In his book Popism: The Warhol Sixties, he explains, “Making money is art and work is art and good business is the best art.” He also once remarked, “I love Los Angeles. Everything’s plastic, but I love plastic. I want to be plastic.” These attitudes informed his art.
Between 1963 and 1968, he made more than 60 experimental films. Eat depicts a man eating a mushroom for 45 minutes. All six hours of Empire features the Empire State Building at dusk. His most successful film, Chelsea Girls, involved two films projected at once with the volume of one raised and lowered depending on key moments of the story.
In 1968, a mentally ill follower, Valerie Solanas, shot Warhol, nearly killing him. Doctors had to massage his heart with their hands to keep it pumping blood. His injuries affected him for the rest of his life.
In the mid-1960s, Warhol adopted the band Velvet Underground. He had them play for his film openings and at galleries. When Warhol and band leader Lou Reed disagreed on the band’s direction, Warhol dropped his sponsorship. His work influenced artists like Devo and David Bowie, who played Andy Warhol in the movie Basquiat.
Warhol died in 1987 after undergoing gall bladder surgery. His recovery was complicated by wounds sustained in the murder attempt. When Southeby’s auctioned his estate, its worth came to $20 million, all of which went to promoting the visual arts. The Andy Warhol Museum of Pittsburgh currently displays many of his best works.
Paul R. Evans II (1931 – 1987) – Like many of the Mid Century Modern architects and artists, Paul Evans studied at the Cranbrook Academy of Art. He, too, longed to create a new approach to art that departed from the heavy and ornate styles.
Specializing in metal-work, Evans used sculpted steel, copper, bronze, and pewter to create complex and innovative pieces. He ran a shop like an industrial laboratory, often seeking out the newest materials to incorporate into his designs. Many consider his furniture to be abstract sculpture more than practical home decor.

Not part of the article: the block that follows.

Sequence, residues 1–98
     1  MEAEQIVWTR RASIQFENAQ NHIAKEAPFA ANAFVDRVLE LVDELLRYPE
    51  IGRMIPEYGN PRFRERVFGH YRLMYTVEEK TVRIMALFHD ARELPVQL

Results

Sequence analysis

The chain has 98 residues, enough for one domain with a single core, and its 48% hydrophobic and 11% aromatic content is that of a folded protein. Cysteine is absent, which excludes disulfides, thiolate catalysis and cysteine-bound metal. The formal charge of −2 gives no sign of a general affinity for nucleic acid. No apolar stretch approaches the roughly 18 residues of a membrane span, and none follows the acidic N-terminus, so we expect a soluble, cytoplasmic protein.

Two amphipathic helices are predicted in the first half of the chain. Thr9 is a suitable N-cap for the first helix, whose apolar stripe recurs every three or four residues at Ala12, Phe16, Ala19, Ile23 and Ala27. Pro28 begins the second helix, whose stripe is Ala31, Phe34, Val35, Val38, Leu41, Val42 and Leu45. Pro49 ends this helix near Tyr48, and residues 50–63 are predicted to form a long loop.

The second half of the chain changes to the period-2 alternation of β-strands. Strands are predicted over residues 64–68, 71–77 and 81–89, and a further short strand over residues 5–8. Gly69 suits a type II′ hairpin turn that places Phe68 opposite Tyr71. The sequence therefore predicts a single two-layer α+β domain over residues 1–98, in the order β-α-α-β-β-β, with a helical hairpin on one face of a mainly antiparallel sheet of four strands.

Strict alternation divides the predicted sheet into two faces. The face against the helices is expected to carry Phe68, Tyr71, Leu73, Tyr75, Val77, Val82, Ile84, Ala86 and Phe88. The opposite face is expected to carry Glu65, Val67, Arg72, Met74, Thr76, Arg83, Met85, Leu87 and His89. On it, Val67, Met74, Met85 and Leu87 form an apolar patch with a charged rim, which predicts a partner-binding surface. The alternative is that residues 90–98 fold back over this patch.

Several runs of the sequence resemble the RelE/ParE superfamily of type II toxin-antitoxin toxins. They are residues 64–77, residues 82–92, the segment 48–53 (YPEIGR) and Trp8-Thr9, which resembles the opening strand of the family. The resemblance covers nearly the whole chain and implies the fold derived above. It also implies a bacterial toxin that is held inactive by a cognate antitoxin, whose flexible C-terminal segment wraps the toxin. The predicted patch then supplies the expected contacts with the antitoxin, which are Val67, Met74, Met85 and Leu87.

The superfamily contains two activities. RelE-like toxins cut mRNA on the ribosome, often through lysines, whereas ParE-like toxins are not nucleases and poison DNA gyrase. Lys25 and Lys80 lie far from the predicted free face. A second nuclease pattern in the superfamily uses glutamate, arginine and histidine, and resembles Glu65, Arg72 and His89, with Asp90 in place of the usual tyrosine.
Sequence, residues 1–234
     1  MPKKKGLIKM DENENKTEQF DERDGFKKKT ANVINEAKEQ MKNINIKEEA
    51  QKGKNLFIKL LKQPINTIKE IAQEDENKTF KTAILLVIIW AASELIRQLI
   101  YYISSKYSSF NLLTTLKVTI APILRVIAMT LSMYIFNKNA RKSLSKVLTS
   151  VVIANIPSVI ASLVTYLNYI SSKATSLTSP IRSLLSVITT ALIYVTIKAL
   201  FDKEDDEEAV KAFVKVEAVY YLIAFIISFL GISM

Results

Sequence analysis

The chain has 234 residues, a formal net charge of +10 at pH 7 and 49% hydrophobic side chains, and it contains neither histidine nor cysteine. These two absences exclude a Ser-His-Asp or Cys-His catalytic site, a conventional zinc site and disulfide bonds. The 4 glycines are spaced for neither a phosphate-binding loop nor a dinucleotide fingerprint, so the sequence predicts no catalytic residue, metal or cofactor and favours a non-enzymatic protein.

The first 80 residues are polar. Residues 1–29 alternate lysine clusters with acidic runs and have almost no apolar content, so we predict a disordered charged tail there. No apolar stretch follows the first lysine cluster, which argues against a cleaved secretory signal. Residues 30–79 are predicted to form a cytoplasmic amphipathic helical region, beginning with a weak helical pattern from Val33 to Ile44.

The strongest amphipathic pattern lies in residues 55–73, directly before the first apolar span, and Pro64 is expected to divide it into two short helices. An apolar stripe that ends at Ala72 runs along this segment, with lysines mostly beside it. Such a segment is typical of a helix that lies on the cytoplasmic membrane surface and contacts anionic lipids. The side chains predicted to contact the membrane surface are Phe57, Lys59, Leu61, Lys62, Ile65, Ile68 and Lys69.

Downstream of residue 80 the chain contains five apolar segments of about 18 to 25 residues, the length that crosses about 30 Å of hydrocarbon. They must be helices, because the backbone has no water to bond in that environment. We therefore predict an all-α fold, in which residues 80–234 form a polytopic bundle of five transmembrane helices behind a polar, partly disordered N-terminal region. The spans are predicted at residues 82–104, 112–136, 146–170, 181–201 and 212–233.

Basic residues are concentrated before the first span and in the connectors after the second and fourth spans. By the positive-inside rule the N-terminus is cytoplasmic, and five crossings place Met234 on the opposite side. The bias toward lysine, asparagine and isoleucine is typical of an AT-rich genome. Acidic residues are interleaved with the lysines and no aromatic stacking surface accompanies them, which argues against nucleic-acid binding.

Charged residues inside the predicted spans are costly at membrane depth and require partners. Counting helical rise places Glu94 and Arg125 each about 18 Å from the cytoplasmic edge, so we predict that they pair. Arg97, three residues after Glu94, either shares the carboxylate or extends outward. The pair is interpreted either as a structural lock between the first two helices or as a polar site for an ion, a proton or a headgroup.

Russel Wright (1904 – 1976) – This artist’s work stemmed from his conviction that the table was the center of the American home. It’s no wonder that his best work came in the form of tableware, namely China. Like the other Mid Century Modernists, he kept the concept of simple, informal living at the forefront of his designs for homes, furniture and decor. Many give him credit for revolutionizing how Americans organized their homes in the mid century.
Wright’s simple, function furniture designs were produced by Conant-Ball company. Careful to include, “American Modern Built by Conant-Ball” on each piece, the company was glad to find a designer to satisfy the modern American homeowner. Wright also worked with a rustic furniture company to update their line with modern stylings. Many of his designs remained available through these companies through the 1960s.
Today, Russel Wright Studios licenses designs to various furniture manufacturers.
Georgia O’Keeffe (1887-1986) – Called, “the mother of American Modernism,” Georgia O’Keeffe departed from traditional artistic styles by rejecting the boundaries between representation and abstraction. To create a multiplicity of meanings, O’Keeffe focuses on close-ups of flowers’ reproductive organs and animal skulls in order to remove any context. The goal is to force an entirely new perception of the subject. While many claim Her close up depictions of flowers represented female sexuality, O’Keeffe always denied this aim.
O’Keeffe began her studies at the Art Institute of Chicago before starting a teaching career at the University of Virginia. Encouraged by photographer and art dealer Alfred Stieglitz, O’Keeffe moved to New York to work as a serious artist. The two married in 1924. In 1929, O’Keeffe started spending time in New Mexico, where she was inspired to paint sun-parched cattle skulls. When she died in 1984, she left her entire $76 million estate to a young protege. In 2014, O’Keeffe’s Jimson Weed sold at auction for $44.4 million.